BERHAMPUR, India — Alarmed over increasing deaths of Olive Ridley turtles, forest authorities are trying to spread awareness among fishermen to ensure safety of the endangered marine species ahead of their nesting along Ganjam coast.
Awareness among marine fishermen is necessary as most of the deaths are caused by plying of fishing trawlers, experts said. "We urged them to refrain from illegal fishing in the sea," said S S Mishra, divisional forest officer, Berhampur.
Every year, lakhs of Olive Ridleys visit Gokharkuda-Purunabandh area near River Rushikulya for mass nesting. Over one lakh marine species visited the site in 2011-12. Olive Ridleys also visit Gahiramatha beach in Kendrapada district and the mouth of River Devi in Puri district.
Official sources said while 127 turtles were found dead along the Ganjam coast in 2011-12, 108 and 90 deaths were recorded in 2010-11 and 2009-10, respectively. Unofficial sources, however, give higher numbers of deaths.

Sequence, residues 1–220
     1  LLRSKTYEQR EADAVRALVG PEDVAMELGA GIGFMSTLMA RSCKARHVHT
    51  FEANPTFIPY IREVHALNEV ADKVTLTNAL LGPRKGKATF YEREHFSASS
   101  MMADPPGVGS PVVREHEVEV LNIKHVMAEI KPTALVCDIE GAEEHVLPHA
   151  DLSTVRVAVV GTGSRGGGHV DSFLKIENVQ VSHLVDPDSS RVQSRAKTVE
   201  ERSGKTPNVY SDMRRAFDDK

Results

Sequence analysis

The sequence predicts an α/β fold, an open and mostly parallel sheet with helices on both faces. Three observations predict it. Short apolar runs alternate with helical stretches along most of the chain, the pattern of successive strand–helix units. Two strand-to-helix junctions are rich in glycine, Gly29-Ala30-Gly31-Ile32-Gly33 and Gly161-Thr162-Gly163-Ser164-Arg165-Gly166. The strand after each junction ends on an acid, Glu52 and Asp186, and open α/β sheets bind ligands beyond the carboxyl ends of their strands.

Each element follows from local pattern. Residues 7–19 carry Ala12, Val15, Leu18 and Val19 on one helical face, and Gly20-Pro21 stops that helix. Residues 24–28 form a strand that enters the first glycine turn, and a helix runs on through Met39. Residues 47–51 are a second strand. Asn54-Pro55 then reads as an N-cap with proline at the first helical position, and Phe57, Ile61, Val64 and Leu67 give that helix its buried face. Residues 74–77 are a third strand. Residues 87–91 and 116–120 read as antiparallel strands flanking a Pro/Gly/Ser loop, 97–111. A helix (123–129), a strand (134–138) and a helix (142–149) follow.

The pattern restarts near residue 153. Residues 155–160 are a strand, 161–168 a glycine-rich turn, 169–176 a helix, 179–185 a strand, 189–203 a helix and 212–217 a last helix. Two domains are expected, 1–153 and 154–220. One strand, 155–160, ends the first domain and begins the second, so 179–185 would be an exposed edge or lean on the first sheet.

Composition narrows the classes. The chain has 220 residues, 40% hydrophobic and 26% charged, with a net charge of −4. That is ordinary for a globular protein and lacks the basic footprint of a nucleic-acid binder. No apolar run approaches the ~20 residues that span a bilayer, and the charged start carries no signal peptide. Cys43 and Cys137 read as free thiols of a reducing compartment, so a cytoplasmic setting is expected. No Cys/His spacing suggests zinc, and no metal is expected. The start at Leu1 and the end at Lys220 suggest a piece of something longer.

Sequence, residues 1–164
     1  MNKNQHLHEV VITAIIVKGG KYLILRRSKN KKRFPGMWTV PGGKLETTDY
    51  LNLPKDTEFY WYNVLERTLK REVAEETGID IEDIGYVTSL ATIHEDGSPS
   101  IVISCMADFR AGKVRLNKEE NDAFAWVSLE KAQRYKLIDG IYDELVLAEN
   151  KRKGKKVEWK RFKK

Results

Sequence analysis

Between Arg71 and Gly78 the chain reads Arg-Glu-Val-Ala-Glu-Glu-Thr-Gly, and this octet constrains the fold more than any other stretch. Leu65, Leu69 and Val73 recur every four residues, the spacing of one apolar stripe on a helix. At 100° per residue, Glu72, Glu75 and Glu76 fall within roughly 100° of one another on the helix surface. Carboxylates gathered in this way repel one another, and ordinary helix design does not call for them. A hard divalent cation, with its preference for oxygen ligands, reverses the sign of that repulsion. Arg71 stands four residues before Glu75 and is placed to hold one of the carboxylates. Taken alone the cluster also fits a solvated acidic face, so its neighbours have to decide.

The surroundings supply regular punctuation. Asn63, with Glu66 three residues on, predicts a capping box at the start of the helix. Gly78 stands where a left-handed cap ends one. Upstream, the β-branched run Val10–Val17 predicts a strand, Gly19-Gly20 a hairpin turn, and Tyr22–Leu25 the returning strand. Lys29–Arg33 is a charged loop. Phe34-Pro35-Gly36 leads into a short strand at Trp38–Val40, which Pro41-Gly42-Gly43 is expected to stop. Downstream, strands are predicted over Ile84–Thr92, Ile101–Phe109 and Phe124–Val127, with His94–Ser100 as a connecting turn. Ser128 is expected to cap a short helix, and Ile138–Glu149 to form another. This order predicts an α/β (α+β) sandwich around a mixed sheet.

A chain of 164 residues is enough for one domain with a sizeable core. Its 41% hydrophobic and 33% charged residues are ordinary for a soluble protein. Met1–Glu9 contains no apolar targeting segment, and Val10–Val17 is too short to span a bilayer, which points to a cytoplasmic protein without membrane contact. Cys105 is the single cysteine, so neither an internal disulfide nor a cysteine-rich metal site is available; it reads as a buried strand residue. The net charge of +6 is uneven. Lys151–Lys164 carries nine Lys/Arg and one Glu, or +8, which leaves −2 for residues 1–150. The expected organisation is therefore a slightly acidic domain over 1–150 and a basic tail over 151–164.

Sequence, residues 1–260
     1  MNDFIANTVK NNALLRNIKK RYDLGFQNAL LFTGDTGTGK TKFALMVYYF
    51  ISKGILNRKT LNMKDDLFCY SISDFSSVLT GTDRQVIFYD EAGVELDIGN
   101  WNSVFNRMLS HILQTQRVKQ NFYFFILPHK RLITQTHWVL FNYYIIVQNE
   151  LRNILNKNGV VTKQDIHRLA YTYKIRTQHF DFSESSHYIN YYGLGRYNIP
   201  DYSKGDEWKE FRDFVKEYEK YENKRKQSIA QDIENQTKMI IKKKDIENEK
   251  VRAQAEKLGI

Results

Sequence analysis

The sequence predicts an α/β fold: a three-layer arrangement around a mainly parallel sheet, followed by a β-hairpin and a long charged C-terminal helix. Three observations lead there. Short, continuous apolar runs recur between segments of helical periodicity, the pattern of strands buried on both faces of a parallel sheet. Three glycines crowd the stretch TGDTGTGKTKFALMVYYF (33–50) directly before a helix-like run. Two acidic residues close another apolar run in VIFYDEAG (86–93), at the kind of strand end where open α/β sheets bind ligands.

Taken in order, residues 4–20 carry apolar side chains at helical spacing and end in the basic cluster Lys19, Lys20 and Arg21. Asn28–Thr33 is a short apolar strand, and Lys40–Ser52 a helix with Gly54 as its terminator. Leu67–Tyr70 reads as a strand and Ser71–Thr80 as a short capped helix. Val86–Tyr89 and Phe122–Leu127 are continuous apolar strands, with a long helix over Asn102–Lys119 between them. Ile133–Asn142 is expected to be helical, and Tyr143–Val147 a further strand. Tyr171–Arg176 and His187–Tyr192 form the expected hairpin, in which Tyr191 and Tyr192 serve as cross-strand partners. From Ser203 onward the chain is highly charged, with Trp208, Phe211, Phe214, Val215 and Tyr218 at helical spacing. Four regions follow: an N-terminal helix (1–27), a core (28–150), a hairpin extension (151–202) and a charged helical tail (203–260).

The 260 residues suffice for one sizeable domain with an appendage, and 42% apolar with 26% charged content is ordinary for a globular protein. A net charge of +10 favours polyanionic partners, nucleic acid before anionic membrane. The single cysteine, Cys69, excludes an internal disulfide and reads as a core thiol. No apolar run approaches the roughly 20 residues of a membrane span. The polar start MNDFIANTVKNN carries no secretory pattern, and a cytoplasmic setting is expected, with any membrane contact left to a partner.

Since most of the deaths were reported from bordering areas of Odisha and Andhra Pradesh, forest officials have decided to screen documentaries in these parts from the first week of November, said Mishra. Surveillance measures will be taken in the coastal areas jointly by the forest and the fisheries and animal resources development departments to check illegal fishing by mechanized boats and trawlers, he added.
The government imposes a seven-month ban on fishing along the 170-km coastal region from November 1 to May 31 to protect the turtles. Notification in this regard is likely to be issued by the department of fisheries and animal resources development on Wednesday, a senior officer said.